Also, just keeping legacy systems running in the background to feed more modern user facing systems is, as pointed out by the GAO report, a risky and expensive proposition. Agile development and procurement methods alone will not solve such problems. What’s needed is a continuous effort — supported at the top — to promote a unified development vision that supports both modernization as well as retirement and replacement of legacy systems.

Will the Trump administration sustain such an effort?

That’s hard to say, especially given emerging funding priorities away from non-defense budgets along with a possible reduction in fed-sponsored data collection and data availability.

Maintaining a strategic focus in such a rapidly changing environment may be difficult, considering the natural tendency of stressed out organizations to focus more on short-term survival and keeping the lights on at the expense of long-term goals.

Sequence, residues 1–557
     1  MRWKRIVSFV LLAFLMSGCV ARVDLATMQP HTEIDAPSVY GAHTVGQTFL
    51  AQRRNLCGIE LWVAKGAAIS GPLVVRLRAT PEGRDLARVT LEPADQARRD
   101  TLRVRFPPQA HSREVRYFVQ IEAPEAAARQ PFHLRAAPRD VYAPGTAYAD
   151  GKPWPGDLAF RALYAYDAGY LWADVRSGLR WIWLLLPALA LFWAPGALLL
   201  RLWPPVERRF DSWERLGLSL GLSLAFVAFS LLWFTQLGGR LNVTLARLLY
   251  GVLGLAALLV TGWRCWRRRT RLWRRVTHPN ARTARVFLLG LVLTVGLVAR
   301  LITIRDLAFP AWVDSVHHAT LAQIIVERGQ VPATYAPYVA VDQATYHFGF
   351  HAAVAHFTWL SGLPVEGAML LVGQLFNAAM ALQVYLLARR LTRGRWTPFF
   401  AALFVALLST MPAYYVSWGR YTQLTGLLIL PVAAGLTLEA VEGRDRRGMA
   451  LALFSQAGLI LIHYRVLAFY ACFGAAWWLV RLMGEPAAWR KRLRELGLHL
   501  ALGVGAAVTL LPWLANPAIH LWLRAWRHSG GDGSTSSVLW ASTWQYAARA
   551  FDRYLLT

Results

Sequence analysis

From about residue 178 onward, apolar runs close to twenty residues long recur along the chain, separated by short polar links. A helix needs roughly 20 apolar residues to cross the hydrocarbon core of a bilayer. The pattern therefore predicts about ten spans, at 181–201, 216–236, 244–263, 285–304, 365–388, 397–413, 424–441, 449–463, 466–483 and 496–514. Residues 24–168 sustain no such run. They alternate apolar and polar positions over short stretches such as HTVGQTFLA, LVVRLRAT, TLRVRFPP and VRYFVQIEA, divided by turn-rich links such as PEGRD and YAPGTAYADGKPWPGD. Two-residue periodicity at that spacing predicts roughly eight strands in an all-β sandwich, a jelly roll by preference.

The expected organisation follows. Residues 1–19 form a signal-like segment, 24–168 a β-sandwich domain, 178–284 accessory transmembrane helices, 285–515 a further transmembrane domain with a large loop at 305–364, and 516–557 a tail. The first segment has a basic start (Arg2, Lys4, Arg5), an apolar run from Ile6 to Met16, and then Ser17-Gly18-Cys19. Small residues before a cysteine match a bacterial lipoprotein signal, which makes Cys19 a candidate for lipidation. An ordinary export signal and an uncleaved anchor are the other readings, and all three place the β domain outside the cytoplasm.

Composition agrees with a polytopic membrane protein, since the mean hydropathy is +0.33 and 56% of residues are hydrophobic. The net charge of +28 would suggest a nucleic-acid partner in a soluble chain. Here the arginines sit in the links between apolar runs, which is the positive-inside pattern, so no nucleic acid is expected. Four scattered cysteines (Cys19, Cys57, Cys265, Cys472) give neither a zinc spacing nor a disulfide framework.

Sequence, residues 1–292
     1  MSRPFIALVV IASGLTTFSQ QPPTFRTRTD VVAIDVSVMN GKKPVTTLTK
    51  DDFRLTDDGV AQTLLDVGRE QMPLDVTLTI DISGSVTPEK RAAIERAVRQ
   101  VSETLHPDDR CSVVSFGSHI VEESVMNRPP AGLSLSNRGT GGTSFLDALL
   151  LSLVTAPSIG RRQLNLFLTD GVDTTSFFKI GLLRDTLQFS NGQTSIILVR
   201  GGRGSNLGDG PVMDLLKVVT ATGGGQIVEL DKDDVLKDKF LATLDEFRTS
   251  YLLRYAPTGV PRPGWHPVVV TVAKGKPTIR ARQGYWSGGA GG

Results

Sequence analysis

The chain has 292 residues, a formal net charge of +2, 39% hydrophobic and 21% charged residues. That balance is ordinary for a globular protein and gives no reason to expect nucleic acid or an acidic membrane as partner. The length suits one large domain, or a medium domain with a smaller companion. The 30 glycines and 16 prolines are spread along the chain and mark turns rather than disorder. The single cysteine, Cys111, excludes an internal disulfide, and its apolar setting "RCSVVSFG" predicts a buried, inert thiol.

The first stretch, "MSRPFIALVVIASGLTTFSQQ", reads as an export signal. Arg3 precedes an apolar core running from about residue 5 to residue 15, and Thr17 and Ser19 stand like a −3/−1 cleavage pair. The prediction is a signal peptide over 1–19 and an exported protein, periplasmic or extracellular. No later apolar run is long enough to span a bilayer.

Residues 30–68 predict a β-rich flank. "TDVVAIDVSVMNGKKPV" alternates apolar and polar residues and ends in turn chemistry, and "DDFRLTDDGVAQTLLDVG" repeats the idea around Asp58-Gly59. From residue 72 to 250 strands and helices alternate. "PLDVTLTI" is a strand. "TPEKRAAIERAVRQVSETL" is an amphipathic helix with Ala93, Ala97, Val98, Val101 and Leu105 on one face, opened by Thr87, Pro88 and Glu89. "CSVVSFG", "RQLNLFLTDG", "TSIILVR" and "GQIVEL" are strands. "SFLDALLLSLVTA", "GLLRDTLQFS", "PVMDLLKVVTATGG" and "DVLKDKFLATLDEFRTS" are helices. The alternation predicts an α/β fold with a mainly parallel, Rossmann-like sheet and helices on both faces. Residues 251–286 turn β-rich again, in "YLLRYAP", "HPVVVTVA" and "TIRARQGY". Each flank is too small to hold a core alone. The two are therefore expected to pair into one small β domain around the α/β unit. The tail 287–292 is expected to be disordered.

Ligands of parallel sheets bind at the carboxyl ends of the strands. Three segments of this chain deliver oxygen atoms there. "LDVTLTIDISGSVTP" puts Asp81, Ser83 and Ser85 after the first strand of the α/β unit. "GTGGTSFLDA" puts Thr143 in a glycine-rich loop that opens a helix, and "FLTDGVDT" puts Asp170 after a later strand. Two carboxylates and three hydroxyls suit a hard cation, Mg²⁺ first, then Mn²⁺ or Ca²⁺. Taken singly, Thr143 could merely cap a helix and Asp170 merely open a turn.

Eventually, the old systems will break down. They will die when patching and repairing no longer are viable. Even venerable B-52 Stratofortresses will have to be replaced some day at which time the current patchwork of logistics, maintenance, and weapons systems upgrades will go away.

The same will inevitably happen to all the federal legacy systems that need replacement.

The question is, will replacement occur rationally, or only after disaster or organizational turmoil?

As for me, I vote for a rational approach, one that ties open data access and intelligent data governance to systems and processes that effectively and efficiently serve the American public.

For aNewDomain, I’m Dennis D. McDonald.

Cover image: Prweb, All Rights Reserved; Inside image: DennisHouse.TV, All Rights Reserved.

An earlier version of this column ran on Dennis D. McDonald’s DDMCD blog. Read it here. -Ed.